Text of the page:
The Ceylon Chamber of Commerce in a statement yesterday said it appreciated the steps taken to develop the Hambantota Port as a public-private partnership (PPP) as it marks an important step towards the goal of positioning Sri Lanka as a full-service maritime hub nation.
In addition to the much-needed boost to the country’s foreign reserves, the reported scale and size of the investment is expected to generate meaningful FDI in port-related activities as well as businesses around the port.
At a meeting held recently with members of the Ceylon Chamber’s National Agenda Committee on Logistics and Transport and other private sector stakeholders, Minister of Ports and Shipping Mahinda Samarasinghe, Chairman of the Sri Lanka Ports Authority (SLPA) Dr. Parakrama Dissanayake and SLPA Executive Director H.A. Wimalasoorya briefed attendees on the concession agreement signed for the development of the Hambantota Port. The Minister elaborated on several areas that had been of concern to various stakeholders, including on how the selection of the concessionaire was done, how national interest, prevailing law and security considerations have been addressed, and how the two new companies - Hambantota International Port Group and Hambantota International Port Services - have been structured.
Observing that international rating agencies had been quick to highlight the positive effects of the transaction, industry representatives noted further that the consequent economic benefits arising from a growth in industrial activity would create more employment opportunities in the region and also provide sizable impetus to propel growth in the maritime-related services and logistics sectors around the Port of Hambantota.
The chamber now expects the implementation of the agreement to be effected in a manner that will serve the best interests of the country. Later this month the chamber is convening a seminar for its members with key officials on the subject of the Hambantota Port development. The seminar will provide an opportunity to hear more details and seek clarifications on the obligations assumed under the agreement and the plans for implementation.
While recognising the circumstances in which this PPP deal was required to be finalised, the chamber urged the Government to ensure that the principle of collective responsibility is respected so as to inspire confidence in the final decision made.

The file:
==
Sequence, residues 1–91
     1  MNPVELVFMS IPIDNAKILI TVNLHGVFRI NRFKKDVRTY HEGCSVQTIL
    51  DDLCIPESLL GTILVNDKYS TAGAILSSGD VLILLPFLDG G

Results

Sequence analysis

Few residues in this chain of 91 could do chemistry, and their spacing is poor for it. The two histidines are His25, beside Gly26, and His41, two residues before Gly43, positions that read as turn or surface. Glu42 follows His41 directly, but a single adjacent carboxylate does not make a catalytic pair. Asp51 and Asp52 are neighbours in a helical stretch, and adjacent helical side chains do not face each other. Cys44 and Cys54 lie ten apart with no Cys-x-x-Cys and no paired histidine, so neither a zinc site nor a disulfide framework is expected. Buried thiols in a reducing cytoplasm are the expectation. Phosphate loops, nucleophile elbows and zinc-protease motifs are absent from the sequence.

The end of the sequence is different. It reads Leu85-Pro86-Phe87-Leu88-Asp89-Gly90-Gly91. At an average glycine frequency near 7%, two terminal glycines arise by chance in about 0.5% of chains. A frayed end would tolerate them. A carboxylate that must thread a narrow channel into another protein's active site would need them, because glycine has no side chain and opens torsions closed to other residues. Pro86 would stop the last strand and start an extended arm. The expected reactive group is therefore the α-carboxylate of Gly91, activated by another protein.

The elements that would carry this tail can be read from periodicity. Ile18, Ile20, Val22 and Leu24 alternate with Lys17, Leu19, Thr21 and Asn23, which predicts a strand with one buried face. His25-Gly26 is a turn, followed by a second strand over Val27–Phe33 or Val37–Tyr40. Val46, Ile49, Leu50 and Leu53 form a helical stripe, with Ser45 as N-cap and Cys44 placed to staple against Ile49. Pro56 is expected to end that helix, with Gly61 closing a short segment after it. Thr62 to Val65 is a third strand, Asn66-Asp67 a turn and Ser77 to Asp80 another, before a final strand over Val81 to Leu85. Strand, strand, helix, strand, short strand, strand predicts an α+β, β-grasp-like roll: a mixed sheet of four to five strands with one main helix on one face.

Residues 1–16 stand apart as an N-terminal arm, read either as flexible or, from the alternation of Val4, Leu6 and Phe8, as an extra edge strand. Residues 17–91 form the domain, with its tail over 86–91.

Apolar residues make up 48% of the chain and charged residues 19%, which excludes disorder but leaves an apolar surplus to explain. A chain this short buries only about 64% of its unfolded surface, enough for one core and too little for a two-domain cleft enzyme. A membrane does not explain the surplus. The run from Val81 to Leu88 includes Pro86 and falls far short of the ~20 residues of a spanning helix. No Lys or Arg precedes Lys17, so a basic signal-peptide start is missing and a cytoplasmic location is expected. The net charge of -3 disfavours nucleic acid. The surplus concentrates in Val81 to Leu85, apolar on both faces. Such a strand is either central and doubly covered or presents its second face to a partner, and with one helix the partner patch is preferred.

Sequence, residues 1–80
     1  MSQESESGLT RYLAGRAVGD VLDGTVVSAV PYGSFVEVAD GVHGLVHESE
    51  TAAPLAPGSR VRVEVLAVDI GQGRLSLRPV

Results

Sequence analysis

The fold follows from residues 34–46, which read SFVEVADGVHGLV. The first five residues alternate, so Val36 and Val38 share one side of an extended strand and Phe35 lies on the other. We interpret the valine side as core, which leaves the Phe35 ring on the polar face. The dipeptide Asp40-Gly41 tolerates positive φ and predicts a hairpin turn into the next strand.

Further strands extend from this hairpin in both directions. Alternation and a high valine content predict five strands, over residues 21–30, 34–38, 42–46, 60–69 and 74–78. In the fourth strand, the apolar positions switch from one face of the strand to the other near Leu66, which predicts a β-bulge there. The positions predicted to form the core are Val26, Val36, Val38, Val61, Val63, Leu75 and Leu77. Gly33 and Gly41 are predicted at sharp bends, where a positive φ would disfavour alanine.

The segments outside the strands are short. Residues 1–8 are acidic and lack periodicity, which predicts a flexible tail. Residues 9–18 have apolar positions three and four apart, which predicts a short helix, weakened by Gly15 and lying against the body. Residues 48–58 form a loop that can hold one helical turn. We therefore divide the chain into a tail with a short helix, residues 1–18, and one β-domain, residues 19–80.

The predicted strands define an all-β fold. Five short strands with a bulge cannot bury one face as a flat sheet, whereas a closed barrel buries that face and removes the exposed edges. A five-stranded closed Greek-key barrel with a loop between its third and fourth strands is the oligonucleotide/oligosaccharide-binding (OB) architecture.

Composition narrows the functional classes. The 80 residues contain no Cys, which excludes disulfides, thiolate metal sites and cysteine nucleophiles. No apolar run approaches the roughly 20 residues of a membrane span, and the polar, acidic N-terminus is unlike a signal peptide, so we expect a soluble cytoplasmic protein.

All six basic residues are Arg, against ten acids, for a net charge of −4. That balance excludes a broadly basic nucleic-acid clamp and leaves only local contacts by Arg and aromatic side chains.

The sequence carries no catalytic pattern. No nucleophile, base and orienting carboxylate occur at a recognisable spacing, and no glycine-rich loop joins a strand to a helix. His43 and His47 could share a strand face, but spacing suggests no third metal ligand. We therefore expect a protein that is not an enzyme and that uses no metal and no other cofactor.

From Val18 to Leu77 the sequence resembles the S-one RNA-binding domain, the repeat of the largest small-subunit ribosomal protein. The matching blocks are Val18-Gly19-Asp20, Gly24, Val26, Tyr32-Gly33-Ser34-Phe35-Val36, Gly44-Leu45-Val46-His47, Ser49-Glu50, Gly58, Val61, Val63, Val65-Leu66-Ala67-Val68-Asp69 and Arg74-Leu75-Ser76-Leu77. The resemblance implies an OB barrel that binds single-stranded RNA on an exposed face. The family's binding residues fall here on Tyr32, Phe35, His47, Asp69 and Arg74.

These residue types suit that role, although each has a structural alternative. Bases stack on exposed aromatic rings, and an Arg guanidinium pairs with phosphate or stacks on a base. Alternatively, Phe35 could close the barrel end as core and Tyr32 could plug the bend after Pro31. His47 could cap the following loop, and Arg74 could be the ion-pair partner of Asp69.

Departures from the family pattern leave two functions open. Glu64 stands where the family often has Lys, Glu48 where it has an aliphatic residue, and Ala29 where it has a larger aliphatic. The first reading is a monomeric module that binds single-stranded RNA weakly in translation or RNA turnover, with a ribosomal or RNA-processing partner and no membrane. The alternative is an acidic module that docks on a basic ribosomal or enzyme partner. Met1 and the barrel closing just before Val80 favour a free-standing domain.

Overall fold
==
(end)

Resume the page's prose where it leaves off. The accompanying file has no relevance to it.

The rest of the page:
Sri Lanka needs to enhance its reputation as a business destination that has a credible and predictable investment regime. This imperative is challenged when seemingly conflicting sentiments are expressed by responsible Government sources, the chamber stated.
The National Agenda Committee on Logistics and Transport comprises leaders in the private and public sector with experience in the maritime, shipping and logistics sectors. Since last year, the NAC has been continuously lobbying to fast-track the development of the East Container Terminal (ECT) and the development of an e-hub for trade facilitation, all aimed at boosting Sri Lanka’s position and status as a vibrant hub.
This committee is part of five National Agenda Committees functioning as thought leadership groups at the Ceylon Chamber of Commerce, developing insights and advocacy on key strategic economic themes. To know more about the Ceylon Chamber’s National Agenda Committees initiative, visit the ‘Policy and Advocacy’ section of the chamber’s website www.chamber.lk and to read the chamber’s recommendations on the ECT, visit the ‘Submissions to Government’ section. To read thought-leadership articles anchored to the NACs, visit ‘The National Agenda’ on nationalagendacommittees.wordpress.com.